“A party opposing a properly supported motion for summary judgment ‘may not rest upon the mere allegations or denials of [his] pleadings, ' but rather must ‘set forth specific facts showing that there is a genuine issue for trial.' ” Bouchat v. Baltimore Ravens Football Club, Inc., 346 F.3d 514, 522 (4th Cir. 2003) (alteration in original) (quoting Fed.R.Civ.P. 56(e)). The court should “view the evidence in the light most favorable to ... the nonmovant, and draw all reasonable inferences in her favor without weighing the evidence or assessing the witnesses' credibility.” Dennis v. Columbia Colleton Med. Ctr., Inc., 290 F.3d 639, 645 (4th Cir. 2002). The court must, however, also abide by the “affirmative obligation of the trial judge to prevent factually unsupported claims and defenses from proceeding to trial.” Bouchat, 346 F.3d at 526 (quoting Drewitt v. Pratt, 999 F.2d 774, 778-79 (4th Cir. 1993), and citing Celotex Corp. v. Catrett, 477 U.S. 317, 323-24 (1986)). Against this standard, the court recognizes that pro se litigants' pleadings should be construed to allow them to fully develop a potentially meritorious case. See Erickson, 551 U.S. at 94. However, a court cannot assume the existence of a genuine issue of material fact where none exists. See Fed.R.Civ.P. 56(c).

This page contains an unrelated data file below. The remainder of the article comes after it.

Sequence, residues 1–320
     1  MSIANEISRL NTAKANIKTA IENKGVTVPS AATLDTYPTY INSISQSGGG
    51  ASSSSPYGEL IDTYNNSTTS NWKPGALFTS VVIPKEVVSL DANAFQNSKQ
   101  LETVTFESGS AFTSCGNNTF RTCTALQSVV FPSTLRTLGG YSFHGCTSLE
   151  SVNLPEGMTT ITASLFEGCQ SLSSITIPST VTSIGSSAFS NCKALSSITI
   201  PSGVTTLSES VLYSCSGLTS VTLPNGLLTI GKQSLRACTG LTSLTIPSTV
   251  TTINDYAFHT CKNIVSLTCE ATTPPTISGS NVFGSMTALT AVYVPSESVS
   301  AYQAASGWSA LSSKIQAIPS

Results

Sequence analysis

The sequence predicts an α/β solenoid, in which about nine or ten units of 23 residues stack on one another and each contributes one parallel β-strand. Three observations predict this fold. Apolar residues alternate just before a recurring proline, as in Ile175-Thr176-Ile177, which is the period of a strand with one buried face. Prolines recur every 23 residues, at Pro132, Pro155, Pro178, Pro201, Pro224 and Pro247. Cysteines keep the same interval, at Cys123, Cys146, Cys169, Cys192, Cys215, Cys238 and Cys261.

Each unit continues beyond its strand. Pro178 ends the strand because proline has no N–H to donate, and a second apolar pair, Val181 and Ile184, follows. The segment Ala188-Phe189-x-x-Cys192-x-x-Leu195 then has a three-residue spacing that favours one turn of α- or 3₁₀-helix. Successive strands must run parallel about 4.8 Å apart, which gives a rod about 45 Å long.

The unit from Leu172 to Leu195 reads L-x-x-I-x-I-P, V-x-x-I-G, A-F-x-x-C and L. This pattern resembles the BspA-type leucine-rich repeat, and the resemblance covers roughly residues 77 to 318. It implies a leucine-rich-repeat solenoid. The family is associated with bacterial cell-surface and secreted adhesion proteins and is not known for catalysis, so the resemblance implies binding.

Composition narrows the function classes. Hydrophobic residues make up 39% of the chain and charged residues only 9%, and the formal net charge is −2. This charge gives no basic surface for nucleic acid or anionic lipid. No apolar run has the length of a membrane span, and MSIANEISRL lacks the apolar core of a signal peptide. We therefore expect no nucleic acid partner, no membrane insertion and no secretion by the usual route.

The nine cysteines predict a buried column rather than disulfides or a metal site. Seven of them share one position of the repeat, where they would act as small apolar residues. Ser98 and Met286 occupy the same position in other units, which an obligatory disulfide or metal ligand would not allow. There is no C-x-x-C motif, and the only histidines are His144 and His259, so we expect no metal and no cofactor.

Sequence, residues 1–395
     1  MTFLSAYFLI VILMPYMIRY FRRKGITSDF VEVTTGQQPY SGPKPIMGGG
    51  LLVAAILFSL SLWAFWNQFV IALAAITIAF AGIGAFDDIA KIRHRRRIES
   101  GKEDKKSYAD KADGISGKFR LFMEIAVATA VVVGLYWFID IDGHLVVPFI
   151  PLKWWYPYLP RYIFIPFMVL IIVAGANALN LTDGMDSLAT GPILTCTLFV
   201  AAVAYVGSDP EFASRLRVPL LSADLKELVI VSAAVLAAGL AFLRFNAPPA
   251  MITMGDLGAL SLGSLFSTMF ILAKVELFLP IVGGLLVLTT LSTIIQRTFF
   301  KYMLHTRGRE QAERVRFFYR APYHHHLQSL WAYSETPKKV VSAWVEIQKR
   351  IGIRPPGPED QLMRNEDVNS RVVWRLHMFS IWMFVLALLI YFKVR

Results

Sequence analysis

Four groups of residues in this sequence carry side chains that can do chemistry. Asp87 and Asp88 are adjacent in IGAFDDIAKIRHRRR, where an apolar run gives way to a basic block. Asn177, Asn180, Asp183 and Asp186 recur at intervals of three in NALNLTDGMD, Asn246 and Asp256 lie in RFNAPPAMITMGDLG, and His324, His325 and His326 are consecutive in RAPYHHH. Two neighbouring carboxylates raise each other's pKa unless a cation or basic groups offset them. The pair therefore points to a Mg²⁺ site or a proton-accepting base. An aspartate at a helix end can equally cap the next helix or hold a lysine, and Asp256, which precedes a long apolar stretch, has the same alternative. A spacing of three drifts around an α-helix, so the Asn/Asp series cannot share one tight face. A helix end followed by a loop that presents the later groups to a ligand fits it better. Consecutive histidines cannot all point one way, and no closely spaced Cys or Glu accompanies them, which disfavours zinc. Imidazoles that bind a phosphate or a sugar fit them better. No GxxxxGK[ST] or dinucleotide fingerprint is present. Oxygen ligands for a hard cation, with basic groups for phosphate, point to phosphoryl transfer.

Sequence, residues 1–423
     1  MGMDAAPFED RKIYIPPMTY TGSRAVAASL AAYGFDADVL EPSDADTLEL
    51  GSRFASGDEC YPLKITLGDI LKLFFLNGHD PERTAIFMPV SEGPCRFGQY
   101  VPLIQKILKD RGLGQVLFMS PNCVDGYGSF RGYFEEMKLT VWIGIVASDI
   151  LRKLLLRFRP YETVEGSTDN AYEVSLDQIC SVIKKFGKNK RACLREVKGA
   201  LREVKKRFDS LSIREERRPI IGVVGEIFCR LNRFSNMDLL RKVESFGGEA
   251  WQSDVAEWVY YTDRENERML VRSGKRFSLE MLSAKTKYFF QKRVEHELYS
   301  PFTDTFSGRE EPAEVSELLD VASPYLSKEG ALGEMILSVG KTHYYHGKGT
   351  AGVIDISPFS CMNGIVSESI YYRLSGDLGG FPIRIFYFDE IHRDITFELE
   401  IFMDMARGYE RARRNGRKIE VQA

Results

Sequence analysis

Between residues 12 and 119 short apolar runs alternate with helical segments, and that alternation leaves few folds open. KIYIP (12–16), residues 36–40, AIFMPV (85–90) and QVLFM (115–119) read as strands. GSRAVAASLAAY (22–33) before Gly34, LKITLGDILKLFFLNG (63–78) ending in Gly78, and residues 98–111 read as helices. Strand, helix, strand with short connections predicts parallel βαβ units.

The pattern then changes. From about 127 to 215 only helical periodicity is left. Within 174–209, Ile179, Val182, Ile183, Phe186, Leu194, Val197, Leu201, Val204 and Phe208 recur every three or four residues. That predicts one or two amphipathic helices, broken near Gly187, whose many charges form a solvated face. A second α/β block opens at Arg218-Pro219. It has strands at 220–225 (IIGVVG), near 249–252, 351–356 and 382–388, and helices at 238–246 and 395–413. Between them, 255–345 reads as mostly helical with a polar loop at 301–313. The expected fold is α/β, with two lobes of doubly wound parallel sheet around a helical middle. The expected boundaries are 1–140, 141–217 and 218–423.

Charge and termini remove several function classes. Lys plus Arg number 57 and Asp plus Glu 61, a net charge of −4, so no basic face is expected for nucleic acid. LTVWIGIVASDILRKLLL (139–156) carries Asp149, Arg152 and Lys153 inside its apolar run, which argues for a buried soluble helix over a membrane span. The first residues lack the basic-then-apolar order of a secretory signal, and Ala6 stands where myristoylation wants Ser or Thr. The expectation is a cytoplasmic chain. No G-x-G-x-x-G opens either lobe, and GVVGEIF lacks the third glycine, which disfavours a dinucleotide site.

To proceed under 42 U.S.C. § 1983, a plaintiff must allege a violation of a federal constitutional right or a right secured by federal law. Baker v. McCollan, 443 U.S. 137, 140 (1979). The plaintiff's claims of inadequate medical care, unconstitutional conditions of confinement, and excessive force are examined in light of the Eighth Amendment, which prohibits “cruel and unusual punishments, ” such as those involving the “unnecessary and wanton infliction of pain, ” Gregg v. Georgia, 428 U.S. 153, 173 (1976).

         A. Eighth Amendment Claims

         1. Medical and Mental Health Claims

         In Estelle v. Gamble, the Supreme Court held that “deliberate indifference to serious medical needs of prisoners constitutes the wanton infliction of pain, ” regardless whether the indifference is “manifested by prison doctors in their response to the prisoner's needs or by prison guards in intentionally denying or delaying access to medical care or intentionally interfering with the treatment once prescribed.” Estelle, 429 U.S. 97, 104-05 (1976). The Court cautioned that not every allegation of inadequate medical treatment states a claim under the Eighth Amendment. Id. at 105. Neither an “inadvertent ...